ZIMCOKE has launched a US$25 million bid for Hwange Colliery Company Limited’s underground mine known as 3-Main as part of its controversial deal of taking over Zimbabwe Iron and Steel Company (ZISCO) assets.
ZimCoke, a local investment vehicle fronted by Bulawayo South legislator, Eddie Cross, is locked in a vicious fight with ZICSO’s new board over the control of the key assets of once Africa’s largest integrated steelworks.
ZISCO stopped operations in 2008, plagued by lack of capital and mismanagement. With its furnaces having the capacity to produce up to one million tonnes of steel per year, the company was among Zimbabwe’s major foreign currency earners.
ZimCoke intends to acquire some of ZISCO’s assets including 328 hectares of land worth US$16 million, plant and machinery valued at US$168 million, railway wagons and related infrastructure (US$4 million), 48 percent shareholding in Zimbabwe Chemicals (US$23 million) and waste products plant (US$16 million).
The deal entails ZimCoke assuming the US$225 million debt owed to German bank, KfW GBMH for the assets.
The transaction has been marred with acquisitions and counter acquisitions, with the ZISCO board led by economist Dr Gift Mugano, claiming it is “a typical case of asset stripping” while Cross blames the board for sabotage.
Last year–after its appointment–the ZISCO board directed the management to analyse the ZimCoke deal and its impact on the resuscitation of the company. A decision was then taken to terminate the deal on the basis that it made the revival of ZISCO impossible since some of its major components would become inaccessible.
The Cabinet was advised about the deal that in its original form would impinge the revival of ZISCO as an integrated steelworks. A decision was then made to review the deal but the board held on to its earlier position after it was realised that the debt, which the ZimCoke purported to have taken over was still in the books of ZISCO.
The board cited gross violation of Public Entities and Corporate Governance Act since the previous board led by Nyasha Makuvise was not involved. In fact, the former board chairman signed exoneration letters, confirming they were not involved in the deal. The board also claims that valuations of assets were not properly done.
Last week, Cross, the former opposition politician said the debt assumption agreement had been finalised with KfW GBMH based in
Frankfurt and would be signed by all parties when the transfer of title is effected.
He disclosed that ZimCoke was also looking at acquiring Hwange’s underground mine, which produces low ash content coal suitable for coke production. This was to ensure adequate supplies of coking coal to coke oven batteries at ZISCO. ZimCoke is looking at rehabilitating battery number 3 and rebuild number 4.
The company would consider rebuilding battery 1 and 2 at a later stage upon the completion of some works including repair or replacement of all service units and the by-products plant, rehabilitation of the railways lines from Hwange to Redcliff and all internal rail sidings at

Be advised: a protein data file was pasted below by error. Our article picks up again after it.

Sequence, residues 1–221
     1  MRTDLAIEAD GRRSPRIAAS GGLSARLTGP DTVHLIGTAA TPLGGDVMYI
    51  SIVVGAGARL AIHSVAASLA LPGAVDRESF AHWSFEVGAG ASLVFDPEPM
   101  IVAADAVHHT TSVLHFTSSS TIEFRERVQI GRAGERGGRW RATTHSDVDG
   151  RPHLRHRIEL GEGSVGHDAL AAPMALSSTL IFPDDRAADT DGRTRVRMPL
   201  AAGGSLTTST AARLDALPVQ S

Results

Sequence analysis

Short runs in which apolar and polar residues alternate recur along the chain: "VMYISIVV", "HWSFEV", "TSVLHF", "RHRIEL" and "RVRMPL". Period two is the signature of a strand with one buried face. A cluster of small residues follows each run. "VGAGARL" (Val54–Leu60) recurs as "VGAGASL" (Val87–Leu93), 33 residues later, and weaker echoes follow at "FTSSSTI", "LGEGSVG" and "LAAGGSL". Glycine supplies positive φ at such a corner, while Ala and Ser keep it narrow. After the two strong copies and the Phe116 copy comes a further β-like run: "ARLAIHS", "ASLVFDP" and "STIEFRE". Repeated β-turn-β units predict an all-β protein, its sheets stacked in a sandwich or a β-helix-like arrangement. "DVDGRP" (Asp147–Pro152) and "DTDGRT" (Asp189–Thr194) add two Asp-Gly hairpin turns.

Redcliff as well as the line to Beitbridge from Redcliff.
Cross claimed ZimCoke intends to acquire a fleet of 500 wagons and 25 locomotives to move the bulk products involved. The Redcliff water system will also be upgraded to ensure adequate supplies to the plant.
“To supply the coal to the plant, application has been made to Hwange Colliery to take over the underground mine known as 3 Main,” said
Cross. “If this is secured, we will have to invest in the mine and the required infrastructure (washing plant and loading facilities. Hwange is also considering making its coke ovens available to us and if we take up this opportunity we will have to secure further funding to rehabilitate this.
“This will raise total capacity to 1,2 million tonnes (of coke) and will require 1,5 million tonnes of coal,” he added.
Hwange decommissioned its coke oven battery in 2014 after it become too expensive to operate. Prior to the decommissioning, Hwange, now the country’s second largest coal miner exported coke to copper smelters in Zambia and the Democratic Republic of Congo. Hwange spokesperson Rugare Dhobie declined to comment but well placed source in the company confirmed the proposal was made recently.
If the deal sails through, this would create uncertainty for the future of Hwange whose life span has been significantly reduced after the Government recently withdrew concessions, which would have extended its life span.
Cross said it is expecting to generate US$300 million from coke sales of 1,2 million tonnes per year and an additional US$50 million from the by-products. The company was finalising offtake agreements with buyers from Africa and Zambia and DRC where it intends to export a combined 450 000 tonnes of coke per year. Off take discussions are also ongoing with Zimbabwe’s ferrochrome and steel producers, ZimCoke said.
“It will take some time to get to these volumes, which are determined by market developments in the region but it is expected to reach this level in five years,” said Cross.